19 “__-Hur” : BEN

The celebrated 1959 Charlton Heston movie “Ben-Hur” is a dramatization of a book published in 1880 by Lew Wallace titled “Ben-Hur: A Tale of Christ”. The 1959 epic film won a record 11 Academy Awards, a feat that has been equaled since then but never beaten. The other winners of 11 Oscars are “Titanic” (1997) and “The Lord of the Rings: The Return of the Rings” (2003).

25 Singer/activist Downs : LILA

“Lila Downs” is the stage name used by singer Ana Lila Downs Sánchez from Mexico. Downs has lived in both the US and in Mexico at various stages in her life. She is also known for her political activism, mainly in support of Latin America’s indigenous population.

32 Affaire de coeur : AMOUR

In French, “amour” (love) is an “affaire de coeur” (matter of the heart).

34 NYC FC’s org. : MLS

New York City Football Club (NYCFC) played its first Major League Soccer (MLS) game in 2015, soon after it became the league’s twentieth expansion team. NYCFC play most of their games at Yankee Stadium in the Bronx.

35 Just-brewed carafes of coffee, e.g. : FRESH POTS

A carafe is a container made from glass that has no handles, and no stopper.

37 Kirkuk’s country : IRAQ

Kirkuk is a city in northern Iraq, in the Kurdish region of the country.

39 Salad topping : CROUTONS

A crouton is a small piece of toasted bread. The term “crouton” comes from the French “croûte” meaning “crust”.

44 Storied cause of royal insomnia : PEA

“The Princess and the Pea” is a fairy tale from the pen of Danish author Hans Christian Andersen. The essence of the story is that a prince’s mother tests the royal blood of an apparent princess by placing a pea under a pile of mattresses on which the young girl sleeps. The girl complains of a restless night, demonstrating a physical sensitivity that can only be attributed to a princess. And they all lived happily ever after …

45 Radio setting : AM BAND

In telecommunications, a radio signal is transmitted using a sinusoidal carrier wave. Information is transmitted using this carrier wave in two main ways, by varying (modulating) the instantaneous amplitude (signal strength) of the carrier wave, and by modulating the instantaneous frequency of the carrier wave. The former is referred to as an AM signal (“amplitude modulation”), and the latter as an FM signal (“frequency modulation”).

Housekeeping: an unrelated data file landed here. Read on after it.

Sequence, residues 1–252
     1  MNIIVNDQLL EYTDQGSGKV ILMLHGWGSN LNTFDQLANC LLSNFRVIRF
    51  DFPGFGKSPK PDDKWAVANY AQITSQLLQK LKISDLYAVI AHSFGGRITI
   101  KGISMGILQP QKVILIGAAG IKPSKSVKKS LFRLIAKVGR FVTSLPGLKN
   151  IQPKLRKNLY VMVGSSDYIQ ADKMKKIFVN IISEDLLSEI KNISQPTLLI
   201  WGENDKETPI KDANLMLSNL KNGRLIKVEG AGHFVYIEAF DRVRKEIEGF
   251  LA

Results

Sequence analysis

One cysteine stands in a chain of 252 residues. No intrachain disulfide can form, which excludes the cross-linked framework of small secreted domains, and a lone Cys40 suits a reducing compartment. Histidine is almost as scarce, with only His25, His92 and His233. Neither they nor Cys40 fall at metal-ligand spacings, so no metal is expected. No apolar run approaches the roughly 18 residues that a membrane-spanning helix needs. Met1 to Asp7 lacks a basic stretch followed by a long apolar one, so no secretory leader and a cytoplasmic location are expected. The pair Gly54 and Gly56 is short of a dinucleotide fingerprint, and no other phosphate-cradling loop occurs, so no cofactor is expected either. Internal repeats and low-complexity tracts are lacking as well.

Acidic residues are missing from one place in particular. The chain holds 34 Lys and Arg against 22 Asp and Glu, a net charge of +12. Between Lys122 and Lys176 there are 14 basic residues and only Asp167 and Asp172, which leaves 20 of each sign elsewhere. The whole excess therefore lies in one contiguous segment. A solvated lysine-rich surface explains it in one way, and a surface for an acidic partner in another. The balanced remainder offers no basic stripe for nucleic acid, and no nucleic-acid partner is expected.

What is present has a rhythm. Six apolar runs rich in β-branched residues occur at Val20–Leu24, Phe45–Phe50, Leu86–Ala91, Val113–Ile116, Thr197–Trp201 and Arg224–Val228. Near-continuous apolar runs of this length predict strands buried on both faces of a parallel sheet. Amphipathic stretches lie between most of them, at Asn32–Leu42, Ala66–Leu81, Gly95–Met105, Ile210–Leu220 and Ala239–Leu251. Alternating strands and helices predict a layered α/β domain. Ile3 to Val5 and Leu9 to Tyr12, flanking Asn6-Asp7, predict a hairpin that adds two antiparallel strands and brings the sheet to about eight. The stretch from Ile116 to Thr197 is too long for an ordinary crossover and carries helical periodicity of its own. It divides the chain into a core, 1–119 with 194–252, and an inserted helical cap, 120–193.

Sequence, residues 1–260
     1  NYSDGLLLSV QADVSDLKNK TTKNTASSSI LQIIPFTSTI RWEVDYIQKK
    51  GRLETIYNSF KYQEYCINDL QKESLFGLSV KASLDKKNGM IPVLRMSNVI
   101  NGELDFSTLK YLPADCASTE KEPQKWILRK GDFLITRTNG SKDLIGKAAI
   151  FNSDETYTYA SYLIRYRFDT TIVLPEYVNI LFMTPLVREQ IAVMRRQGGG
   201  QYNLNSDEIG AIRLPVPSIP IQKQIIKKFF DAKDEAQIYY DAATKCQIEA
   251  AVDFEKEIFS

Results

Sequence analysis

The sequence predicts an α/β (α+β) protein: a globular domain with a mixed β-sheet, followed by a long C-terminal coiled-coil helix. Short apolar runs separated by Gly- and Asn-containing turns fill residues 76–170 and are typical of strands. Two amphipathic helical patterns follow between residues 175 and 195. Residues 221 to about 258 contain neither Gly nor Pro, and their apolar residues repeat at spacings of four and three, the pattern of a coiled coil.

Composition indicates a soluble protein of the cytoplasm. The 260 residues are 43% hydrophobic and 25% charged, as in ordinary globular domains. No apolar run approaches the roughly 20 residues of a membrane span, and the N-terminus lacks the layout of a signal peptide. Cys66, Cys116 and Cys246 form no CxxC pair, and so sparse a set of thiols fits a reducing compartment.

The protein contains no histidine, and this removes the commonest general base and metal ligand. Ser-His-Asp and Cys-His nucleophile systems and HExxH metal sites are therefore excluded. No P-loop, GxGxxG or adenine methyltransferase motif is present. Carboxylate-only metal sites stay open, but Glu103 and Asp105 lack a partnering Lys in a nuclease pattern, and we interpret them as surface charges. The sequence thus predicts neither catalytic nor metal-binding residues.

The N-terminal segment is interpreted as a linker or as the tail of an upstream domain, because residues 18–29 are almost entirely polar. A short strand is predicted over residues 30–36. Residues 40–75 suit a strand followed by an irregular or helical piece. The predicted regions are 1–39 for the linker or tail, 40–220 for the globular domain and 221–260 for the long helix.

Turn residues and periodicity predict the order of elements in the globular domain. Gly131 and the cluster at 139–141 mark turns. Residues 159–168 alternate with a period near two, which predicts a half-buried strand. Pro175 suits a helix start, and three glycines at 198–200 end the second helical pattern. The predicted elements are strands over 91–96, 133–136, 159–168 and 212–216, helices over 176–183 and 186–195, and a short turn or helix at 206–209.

48 Nocturnal call : HOOT

Much of an owl’s diet consists of small mammals. As a result, humans have used owls for centuries to control rodent populations, usually by placing a nest box for owls on a property. Despite the fact that owls and humans live together in relative harmony, owls have been known to attack humans from time to time. Celebrated English bird photographer Eric Hosking lost an eye when attacked by a tawny owl that he was trying to photograph. Hosking wrote a 1970 autobiography with the wry title “An Eye for a Bird”.

51 Strike caller : UMP

Back in the 15th century, “an umpire” was referred to as “a noumpere”, which was misheard and hence causing the dropping of the initial letter N. The term “noumpere” came from Old French “nonper” meaning “not even, odd number”. The idea was that the original umpire was a third person called on to arbitrate between two, providing that “odd number” needed to decide the dispute.

52 Elba of “The Suicide Squad” : IDRIS

English actor Idris Elba played the drug lord Stringer Bell in the marvelous HBO drama series “The Wire”, and played the title character in the 2013 film “Mandela: Long Walk to Freedom”. Off the screen, Elba occasionally appears as a disk jockey using the name “DJ Big Driis”.

“The Suicide Squad” is a 2021 superhero movie in the DC Comics universe, and a sequel to the 2016 film “Suicide Squad”. It has quite the cast, including Margot Robbie, Idris Elba, Sylvester Stallone, Viola Davis and Peter Capaldi.

53 Curling target : STONE

I think curling is such a cool game (pun!). It’s somewhat like bowls, but played on a sheet of ice. The sport was supposedly invented in medieval Scotland, and is called curling because of the action of the granite stone as it moves across the ice. A player can make the stone take a curved path (“curl”) by causing it to slowly rotate as it slides.

55 Taiwan’s first female president : TSAI

Tsai Ing-wen was elected as Taiwan’s first female president in 2016. Tsai was also the nation’s first unmarried president.

59 “When do u get in?” : ETA?

Estimated time of arrival (ETA)

60 Old futon problem : SAG

Anyone lucky enough to have visited Japan might be familiar with the traditional Japanese futon. Unlike what we tend to call futon in this country, the Japanese original is a padded mattress and quilt. Japanese futons are usually rolled up in the morning so that the space used for sleeping can be repurposed during the day.